Thursday of the Third Week of Lent
I’m having some trouble with the readings today. They seem to reflect a pretty grim and abstracted judgment.
Both the first and second readings were written to communities scattered or in exile. Luke was writing to a wide-flung audience about 85 ACE. Jeremiah, who lived in a time of great crisis, was writing during the early 600 BCE era when leading citizens of Israel were sent into exile and Jerusalem was in ruin.
In Jeremiah, God complains about the people who have “stiffened their necks.” In Luke, Jesus says, The one who is not with me is against me. The one who does not gather with me scatters.
It’s sort of like saying to children, “the bogyman’s going to get you if you aren’t good.” Is it any wonder people turn away from organized religion when judgment is leveled against us while at the same time we are exhorted not to judge?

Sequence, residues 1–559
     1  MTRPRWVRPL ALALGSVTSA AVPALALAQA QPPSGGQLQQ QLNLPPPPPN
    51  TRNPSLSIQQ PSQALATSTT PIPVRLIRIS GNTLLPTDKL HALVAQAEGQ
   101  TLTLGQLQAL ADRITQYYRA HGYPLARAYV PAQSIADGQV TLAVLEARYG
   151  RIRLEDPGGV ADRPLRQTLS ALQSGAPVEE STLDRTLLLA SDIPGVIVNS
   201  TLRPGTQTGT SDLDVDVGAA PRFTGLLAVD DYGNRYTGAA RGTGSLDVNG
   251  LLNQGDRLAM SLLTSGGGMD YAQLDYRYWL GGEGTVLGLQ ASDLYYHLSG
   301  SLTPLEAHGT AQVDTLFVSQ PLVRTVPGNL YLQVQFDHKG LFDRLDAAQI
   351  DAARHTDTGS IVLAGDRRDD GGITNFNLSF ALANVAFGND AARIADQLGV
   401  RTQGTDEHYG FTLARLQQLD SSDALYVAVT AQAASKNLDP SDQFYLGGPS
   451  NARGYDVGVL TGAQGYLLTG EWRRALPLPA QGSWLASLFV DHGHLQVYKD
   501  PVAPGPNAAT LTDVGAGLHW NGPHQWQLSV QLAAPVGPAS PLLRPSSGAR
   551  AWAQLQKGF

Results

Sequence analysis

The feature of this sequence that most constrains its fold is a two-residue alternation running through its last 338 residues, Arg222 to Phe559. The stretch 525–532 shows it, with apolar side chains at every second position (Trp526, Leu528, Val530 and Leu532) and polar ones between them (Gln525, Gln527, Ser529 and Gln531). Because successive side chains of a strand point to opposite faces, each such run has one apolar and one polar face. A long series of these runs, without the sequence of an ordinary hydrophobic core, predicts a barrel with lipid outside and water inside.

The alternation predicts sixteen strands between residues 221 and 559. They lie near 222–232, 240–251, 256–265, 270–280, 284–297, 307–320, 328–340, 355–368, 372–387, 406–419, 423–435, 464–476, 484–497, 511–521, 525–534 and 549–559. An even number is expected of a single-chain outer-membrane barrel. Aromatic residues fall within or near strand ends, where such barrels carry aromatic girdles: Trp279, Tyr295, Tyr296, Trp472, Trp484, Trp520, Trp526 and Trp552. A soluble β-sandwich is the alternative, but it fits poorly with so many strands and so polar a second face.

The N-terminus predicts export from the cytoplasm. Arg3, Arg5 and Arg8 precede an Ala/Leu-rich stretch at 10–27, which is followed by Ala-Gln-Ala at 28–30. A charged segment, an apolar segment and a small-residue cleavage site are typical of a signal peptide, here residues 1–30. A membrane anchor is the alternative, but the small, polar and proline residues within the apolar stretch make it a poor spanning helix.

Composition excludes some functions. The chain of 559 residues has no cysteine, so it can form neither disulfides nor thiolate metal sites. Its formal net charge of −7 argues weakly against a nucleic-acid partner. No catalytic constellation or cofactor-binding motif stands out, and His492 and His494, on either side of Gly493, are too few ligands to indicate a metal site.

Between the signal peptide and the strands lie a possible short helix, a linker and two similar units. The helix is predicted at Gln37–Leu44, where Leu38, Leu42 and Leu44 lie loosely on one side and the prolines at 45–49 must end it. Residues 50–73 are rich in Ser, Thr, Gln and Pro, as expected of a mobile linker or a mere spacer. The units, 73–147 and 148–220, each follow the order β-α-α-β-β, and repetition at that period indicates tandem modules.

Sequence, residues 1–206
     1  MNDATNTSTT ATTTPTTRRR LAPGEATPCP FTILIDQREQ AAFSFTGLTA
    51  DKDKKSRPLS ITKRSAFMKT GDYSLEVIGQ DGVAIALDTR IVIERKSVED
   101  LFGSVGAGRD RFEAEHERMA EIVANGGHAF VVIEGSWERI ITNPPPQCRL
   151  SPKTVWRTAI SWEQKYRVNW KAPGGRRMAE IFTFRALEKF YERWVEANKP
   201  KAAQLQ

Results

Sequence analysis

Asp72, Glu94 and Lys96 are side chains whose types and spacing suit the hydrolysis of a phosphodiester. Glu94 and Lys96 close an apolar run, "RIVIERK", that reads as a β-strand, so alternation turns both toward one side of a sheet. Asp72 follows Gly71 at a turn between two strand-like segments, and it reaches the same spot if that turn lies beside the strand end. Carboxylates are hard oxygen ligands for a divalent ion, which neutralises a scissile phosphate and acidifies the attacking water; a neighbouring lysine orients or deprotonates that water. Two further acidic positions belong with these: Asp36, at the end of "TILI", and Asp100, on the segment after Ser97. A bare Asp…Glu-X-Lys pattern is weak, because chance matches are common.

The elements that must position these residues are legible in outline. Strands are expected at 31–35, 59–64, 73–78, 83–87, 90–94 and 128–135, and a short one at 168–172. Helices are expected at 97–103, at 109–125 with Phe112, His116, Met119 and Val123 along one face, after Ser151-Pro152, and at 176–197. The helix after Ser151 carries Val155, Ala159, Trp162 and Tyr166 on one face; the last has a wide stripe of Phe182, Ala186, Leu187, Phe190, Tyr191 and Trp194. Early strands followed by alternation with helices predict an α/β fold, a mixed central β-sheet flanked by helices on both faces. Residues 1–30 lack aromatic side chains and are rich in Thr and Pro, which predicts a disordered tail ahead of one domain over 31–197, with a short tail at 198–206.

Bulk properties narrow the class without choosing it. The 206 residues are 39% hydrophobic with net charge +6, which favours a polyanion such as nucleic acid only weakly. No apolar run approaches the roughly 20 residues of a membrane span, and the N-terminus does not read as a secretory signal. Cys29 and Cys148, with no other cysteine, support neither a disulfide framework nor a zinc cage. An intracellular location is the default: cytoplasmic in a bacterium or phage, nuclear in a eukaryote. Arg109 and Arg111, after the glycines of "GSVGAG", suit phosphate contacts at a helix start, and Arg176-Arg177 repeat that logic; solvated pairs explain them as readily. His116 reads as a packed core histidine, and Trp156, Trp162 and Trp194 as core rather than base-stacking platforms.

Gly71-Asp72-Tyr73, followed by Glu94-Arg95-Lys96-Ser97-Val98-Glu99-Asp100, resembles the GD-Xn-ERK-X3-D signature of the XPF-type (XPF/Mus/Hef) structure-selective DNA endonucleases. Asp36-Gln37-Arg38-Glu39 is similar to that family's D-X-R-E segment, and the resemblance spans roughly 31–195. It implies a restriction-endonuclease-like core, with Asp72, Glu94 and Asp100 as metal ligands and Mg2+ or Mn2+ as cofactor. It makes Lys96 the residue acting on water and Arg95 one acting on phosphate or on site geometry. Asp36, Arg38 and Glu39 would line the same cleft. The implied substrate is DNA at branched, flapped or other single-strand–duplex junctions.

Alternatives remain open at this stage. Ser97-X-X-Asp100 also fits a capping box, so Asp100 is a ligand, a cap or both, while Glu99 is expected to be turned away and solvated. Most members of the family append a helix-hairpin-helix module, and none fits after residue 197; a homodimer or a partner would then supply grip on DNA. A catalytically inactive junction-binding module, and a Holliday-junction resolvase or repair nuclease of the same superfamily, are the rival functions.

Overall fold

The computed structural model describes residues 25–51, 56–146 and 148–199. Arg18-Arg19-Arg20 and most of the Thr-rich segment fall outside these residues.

My experience of the holy has a peace and a comfort and a clarity. The judgment I’ve experienced in my life also come from within when I make judgments against others.
How do we reconcile the contradictions? Do we become cafeteria-Christians, taking only that which appeals to our tastes; or do we become connoisseurs, learning, testing, using ingredients with care?
Every Lent, it seems, if we’re paying attention, we get to review and recommit to this journey. Over and over. Are we with? Are we against? Sometimes we’re both at the same time.
Are tension and anger, judgment and righteousness replacing compassion and peace? Today might be a good day for us to recommit to the journey, recommit to peace, and remember, once again, to use our life-ingredients with care.